Forever a Cyclone: Conner Coles (’16)

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Presidential candidate Joe Biden with Conner Coles. Photo courtesy of Conner Coles.

The Biden for President campaign team includes Conner Coles (’16), who has been involved since June 2019 when he worked as a campaign fellow in Iowa. He returned to Boston College as a senior in the fall of 2019, where he founded and directed the Boston College Students for Biden chapter. He recently graduated from Boston College with a Bachelor’s degree in Political Science and currently works as a research assistant for American Defense International in Washington D.C. In addition to working a full-time job, Conner still volunteers for The Biden for President campaign by calling voters in swing states and trying to convince them to vote for Biden. If they are already supporting Biden, Conner tries to persuade them to volunteer before the General Election.

Conner is an Oklahoma City native and a Casady “Lifer.” He grew up around political conversations in his house, and while his entire family is Republican, Conner chose to be a Democrat, which makes for lively and interesting conversation with his family. While an Upper Division student at Casady, Conner was involved in debate, which exposed him to new ideas and ignited his interest in politics and public speaking. He has always been interested in American history and enjoys reading about historical figures who have stood up for what they believe in and made an impact. Conner is inspired by politicians and activists who are working today to make the world a better place.

Freshmen year at Boston College, Conner became involved with College Democrats. During the first campaign he served as a volunteer, Conner was bussed from Boston, Massachusetts to New Hampshire where he randomly knocked on people’s doors and spoke to voters about Secretary Hillary Clinton for President and Maggie Hassan for Governor of New Hampshire. Both female candidates ended up winning that state election. Conner then continued helping with phone-banking, hosting speakers at Boston College, and having debates against College Republicans.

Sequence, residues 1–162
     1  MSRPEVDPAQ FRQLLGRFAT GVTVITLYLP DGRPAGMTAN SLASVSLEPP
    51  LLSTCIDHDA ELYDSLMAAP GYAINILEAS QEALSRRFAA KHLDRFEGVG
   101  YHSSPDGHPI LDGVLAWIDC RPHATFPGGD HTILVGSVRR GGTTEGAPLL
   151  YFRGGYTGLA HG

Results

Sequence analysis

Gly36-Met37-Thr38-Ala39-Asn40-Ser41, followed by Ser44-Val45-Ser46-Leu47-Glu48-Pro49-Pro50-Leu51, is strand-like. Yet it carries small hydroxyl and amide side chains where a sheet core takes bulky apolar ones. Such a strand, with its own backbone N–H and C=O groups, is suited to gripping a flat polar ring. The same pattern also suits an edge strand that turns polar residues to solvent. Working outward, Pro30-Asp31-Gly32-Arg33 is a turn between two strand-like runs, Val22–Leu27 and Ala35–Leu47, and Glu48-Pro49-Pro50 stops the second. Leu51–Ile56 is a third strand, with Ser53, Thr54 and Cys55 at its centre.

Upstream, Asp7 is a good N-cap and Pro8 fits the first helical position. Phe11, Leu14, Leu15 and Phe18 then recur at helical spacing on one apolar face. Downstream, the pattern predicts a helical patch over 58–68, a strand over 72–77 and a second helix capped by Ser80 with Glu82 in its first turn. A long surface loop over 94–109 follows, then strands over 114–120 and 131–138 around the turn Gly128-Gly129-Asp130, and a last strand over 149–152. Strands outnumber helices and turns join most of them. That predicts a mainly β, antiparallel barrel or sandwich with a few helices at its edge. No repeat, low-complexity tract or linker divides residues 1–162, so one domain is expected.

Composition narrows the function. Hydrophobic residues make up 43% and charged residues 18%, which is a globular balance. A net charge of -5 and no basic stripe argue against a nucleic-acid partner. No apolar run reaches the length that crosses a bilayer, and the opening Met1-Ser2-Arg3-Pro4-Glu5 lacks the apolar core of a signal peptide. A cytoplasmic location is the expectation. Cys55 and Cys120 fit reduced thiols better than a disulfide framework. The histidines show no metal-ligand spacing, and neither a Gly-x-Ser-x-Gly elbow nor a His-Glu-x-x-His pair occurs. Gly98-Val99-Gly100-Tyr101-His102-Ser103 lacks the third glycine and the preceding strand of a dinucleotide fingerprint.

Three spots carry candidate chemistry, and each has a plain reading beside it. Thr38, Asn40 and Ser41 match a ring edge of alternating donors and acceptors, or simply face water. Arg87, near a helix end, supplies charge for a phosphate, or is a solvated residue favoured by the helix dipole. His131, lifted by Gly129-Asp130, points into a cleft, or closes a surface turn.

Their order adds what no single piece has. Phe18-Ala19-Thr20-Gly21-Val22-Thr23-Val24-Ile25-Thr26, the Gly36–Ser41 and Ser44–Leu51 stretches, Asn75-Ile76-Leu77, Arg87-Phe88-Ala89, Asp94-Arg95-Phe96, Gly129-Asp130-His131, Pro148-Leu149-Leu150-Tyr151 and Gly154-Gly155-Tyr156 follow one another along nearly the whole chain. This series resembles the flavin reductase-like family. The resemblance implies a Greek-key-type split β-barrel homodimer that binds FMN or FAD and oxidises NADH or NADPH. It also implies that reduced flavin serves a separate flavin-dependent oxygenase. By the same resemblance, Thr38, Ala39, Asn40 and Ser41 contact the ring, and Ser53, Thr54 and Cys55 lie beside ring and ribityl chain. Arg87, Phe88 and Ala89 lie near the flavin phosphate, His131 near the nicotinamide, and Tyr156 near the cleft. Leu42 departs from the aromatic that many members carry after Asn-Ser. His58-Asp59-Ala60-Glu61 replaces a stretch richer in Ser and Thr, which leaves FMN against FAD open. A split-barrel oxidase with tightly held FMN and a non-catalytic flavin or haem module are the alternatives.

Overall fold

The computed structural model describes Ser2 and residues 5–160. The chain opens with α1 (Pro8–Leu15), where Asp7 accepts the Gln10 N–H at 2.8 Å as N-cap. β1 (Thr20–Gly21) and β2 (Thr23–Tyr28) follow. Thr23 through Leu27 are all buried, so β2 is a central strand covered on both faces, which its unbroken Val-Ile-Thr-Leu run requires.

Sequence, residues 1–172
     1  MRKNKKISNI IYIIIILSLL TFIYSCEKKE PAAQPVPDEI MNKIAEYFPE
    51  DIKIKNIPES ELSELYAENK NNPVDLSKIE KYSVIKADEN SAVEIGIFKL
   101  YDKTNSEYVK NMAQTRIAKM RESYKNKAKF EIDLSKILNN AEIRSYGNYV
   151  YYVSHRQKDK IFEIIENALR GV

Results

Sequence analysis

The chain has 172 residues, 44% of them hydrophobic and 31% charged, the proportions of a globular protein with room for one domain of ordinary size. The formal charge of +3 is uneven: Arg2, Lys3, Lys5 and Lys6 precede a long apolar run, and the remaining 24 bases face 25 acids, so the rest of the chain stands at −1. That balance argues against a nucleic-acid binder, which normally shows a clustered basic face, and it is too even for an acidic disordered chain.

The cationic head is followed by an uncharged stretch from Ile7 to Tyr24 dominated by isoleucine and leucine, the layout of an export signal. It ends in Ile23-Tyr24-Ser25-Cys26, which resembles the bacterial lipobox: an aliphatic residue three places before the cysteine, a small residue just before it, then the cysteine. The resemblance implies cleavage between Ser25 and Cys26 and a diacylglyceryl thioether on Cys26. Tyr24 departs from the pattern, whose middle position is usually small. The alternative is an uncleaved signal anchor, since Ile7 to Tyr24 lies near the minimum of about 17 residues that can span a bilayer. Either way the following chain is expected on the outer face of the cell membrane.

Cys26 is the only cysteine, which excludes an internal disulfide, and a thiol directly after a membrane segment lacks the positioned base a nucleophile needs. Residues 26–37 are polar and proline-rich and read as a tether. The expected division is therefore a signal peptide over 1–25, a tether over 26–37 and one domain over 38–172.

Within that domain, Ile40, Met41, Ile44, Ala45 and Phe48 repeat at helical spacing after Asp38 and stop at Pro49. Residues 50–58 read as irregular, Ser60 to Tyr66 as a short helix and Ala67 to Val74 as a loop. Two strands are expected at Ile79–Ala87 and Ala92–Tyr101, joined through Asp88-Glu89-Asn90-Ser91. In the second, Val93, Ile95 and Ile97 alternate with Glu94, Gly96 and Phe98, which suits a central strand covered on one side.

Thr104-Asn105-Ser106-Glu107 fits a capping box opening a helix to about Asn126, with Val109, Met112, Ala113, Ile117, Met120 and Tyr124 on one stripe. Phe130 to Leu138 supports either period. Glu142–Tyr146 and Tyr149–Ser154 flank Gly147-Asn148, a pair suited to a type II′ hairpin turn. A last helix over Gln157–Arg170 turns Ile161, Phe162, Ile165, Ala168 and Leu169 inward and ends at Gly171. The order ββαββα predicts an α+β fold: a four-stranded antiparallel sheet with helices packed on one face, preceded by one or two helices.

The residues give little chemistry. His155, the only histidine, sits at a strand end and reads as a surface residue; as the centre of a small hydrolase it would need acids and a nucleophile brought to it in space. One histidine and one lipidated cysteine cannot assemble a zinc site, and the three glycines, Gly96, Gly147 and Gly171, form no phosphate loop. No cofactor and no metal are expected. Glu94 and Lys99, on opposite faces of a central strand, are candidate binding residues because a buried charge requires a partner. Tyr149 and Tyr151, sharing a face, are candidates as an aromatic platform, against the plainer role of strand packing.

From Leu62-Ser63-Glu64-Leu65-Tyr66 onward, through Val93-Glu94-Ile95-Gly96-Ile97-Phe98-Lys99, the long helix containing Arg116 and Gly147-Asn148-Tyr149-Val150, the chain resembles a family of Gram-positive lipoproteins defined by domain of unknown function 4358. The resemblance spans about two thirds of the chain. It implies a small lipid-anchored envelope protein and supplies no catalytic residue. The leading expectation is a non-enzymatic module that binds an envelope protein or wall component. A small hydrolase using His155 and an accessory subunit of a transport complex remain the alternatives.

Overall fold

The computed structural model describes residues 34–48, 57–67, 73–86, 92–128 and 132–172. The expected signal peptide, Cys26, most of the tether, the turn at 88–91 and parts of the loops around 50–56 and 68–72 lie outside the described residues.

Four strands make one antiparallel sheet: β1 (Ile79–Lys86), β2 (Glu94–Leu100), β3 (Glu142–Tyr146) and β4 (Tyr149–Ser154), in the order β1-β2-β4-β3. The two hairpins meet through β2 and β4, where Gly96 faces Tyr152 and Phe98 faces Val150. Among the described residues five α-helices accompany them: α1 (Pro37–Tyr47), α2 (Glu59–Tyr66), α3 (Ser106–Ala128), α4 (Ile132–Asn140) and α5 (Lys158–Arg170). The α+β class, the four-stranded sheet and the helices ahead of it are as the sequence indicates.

College enabled Conner to meet people from across the country with diverse beliefs, which helped him to refine his political ideology. Working with College Democrats led to an internship with Congressman Joe Kennedy III, followed by helping David Holt’s Oklahoma City mayoral race, and then working for Drew Edmondson’s campaign for Oklahoma governor. With each experience, Conner was able to take on more responsibility and build a network of connections that has propelled him to his current job in Washington D.C. 

When I asked Conner what advice he had for students who would like to become politically active, but aren’t yet old enough to vote, he enthusiastically responded, “Volunteering for campaigns is something you can do at any age. Oftentimes that includes phone-banking from your home or the campaign office, which involves speaking to voters. Elections are all about persuasion. Students who aren’t old enough to vote can talk to voters and try to convince them to vote for the candidate of their choice. Adults do listen to the younger generation and are interested in what they have to say because our future is the most at stake in these elections. Regardless of what candidate you support, it’s important to get out and vote.”